The George Soros-backed Open Society Foundations will distribute $220 million to organizations and leaders in Black communities, including $150 million through a set of five-year grants to Black-led justice organizations that “helped to create and now sustain the momentum” toward racial equity.
“It is inspiring and powerful to experience this transformational moment in the racial justice movement,” Open Society Foundations’ President Patrick Gaspard said via a statement. “We are honored to be able to carry on the vital work of fighting for rights, dignity, and equity for oppressed people the world over started by our founder and chair, George Soros,” he said.
“The success of this movement, the largest in U.S. history, will be measured over years, not weeks, and we cannot say that Black lives matter and not make a multi-year commitment to a strategy set by and centering Black leaders and organizations who changed America’s sense of what is possible,” said Tom Perriello, executive director of Open Society-U.S.
Among the recipients of this set of investments are emergent groups such as Black Voters Matter and Circle for Justice Innovations; others are more established forces for civil rights such as Repairers of the Breach and the Equal Justice Initiative.
Open Society will also make a series of substantial investments, totaling $70 million, in more immediate efforts to advance racial justice, including:
- Investments in a set of cities as they reimagine public safety, moving beyond the culture of criminalization and incarceration, and aiming to create safe, healthy, and racially just communities. Through financial support, advocacy, and technical assistance, Open Society will partner with local governments and local organizations, seeking, among other things, to strengthen local expertise in understanding and navigating municipal budgets.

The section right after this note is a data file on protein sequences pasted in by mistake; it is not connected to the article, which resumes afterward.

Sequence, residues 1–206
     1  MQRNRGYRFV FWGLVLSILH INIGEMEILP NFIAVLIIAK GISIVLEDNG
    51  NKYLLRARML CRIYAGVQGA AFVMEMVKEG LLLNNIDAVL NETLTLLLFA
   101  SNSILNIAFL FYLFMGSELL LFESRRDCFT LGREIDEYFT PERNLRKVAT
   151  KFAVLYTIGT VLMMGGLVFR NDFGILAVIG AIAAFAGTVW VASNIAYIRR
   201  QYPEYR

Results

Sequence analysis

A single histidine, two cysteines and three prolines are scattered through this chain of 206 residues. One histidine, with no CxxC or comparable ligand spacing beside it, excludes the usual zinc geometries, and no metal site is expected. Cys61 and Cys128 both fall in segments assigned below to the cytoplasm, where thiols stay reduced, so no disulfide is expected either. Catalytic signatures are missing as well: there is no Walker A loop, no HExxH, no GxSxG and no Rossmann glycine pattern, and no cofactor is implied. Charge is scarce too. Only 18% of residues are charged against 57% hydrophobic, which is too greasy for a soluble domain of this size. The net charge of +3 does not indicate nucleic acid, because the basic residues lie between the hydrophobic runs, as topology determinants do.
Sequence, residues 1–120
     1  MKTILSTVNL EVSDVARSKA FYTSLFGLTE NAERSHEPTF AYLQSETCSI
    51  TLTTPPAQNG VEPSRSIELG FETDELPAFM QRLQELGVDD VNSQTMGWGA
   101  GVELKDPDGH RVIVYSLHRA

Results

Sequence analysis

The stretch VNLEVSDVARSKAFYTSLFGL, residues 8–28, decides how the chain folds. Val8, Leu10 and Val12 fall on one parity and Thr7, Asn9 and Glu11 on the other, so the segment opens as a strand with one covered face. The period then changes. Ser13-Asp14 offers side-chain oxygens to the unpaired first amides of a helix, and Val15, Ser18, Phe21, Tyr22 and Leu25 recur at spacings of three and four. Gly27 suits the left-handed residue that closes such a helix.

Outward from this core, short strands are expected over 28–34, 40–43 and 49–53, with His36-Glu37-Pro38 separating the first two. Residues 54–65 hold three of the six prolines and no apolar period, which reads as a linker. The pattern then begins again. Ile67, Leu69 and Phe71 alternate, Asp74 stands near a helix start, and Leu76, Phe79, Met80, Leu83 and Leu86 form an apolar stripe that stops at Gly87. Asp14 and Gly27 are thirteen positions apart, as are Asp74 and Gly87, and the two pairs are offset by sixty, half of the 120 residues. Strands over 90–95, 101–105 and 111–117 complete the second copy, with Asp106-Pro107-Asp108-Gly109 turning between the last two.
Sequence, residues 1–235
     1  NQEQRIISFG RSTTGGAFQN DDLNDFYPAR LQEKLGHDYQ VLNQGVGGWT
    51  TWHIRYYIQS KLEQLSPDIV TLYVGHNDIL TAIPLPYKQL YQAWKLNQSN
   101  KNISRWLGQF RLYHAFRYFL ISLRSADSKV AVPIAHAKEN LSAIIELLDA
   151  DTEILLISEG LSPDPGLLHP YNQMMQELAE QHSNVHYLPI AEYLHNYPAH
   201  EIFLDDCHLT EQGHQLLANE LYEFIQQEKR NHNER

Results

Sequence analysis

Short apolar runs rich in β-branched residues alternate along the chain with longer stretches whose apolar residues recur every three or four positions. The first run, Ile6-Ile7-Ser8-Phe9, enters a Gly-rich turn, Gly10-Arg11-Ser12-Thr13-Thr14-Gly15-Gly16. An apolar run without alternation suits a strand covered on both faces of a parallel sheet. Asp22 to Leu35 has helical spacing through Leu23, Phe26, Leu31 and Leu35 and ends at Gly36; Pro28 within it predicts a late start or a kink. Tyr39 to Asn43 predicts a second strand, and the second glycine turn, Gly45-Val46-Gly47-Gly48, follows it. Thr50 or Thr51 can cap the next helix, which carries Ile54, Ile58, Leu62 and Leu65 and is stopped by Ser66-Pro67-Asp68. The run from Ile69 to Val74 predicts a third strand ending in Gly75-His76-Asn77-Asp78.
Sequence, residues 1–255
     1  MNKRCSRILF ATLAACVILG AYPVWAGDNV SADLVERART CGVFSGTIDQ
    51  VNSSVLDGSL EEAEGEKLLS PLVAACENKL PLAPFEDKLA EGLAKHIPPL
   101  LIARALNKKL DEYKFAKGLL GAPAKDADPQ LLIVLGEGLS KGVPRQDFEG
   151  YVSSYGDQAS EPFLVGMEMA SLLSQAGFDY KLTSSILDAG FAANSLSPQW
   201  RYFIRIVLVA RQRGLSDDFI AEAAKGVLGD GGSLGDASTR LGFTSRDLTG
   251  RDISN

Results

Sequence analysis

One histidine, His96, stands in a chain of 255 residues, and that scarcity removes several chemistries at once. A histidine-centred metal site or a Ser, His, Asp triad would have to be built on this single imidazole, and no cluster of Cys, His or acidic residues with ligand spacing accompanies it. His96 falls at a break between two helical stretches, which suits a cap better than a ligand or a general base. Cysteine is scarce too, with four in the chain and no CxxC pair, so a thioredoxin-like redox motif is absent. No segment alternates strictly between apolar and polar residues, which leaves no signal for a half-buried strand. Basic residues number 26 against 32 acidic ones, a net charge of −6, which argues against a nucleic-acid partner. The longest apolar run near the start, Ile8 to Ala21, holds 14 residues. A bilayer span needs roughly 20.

- A further set of investments will go toward nurturing the civic engagement of young people, many of whom have engaged in activism for the first time. With summer internships cancelled in a job market ravaged by COVID-19, and high schools and colleges uncertain whether they’ll be able to welcome students back to campus in the fall, Open Society’s funding aims to create opportunities for students to enroll in internships and fellowships that focus on racial justice, democracy, organizing, and mentorship.
- Support for ongoing efforts to fight voter suppression and disinformation and ensure safe and secure elections in the midst of the pandemic.
In the coming weeks, Open Society will provide further information about these and other areas of investment, including support to emergent efforts to establish truth commissions and other tools to promote racial healing, as well as funding to improve conditions particularly for Black workers and other workers of color, as labor, racial, and social justice organizations prepare for a national “Strike for Black Lives” later this month.
Open Society launched its Racial Justice Initiative in 2003, and has steadily grown support for those addressing systemic inequality experienced by historically marginalized communities of color. In subsequent years, the foundations helped launch the Campaign for Black Male Achievement, investing nearly $20 million over several years, and gave $50 million to help the ACLU’s campaign to reduce mass incarceration.
Open Society-U.S. invested $25 million last year in multi-year grants to state organizations led by and accountable to people of color, and $15 million to the NAACP Legal Defense and Educational Fund.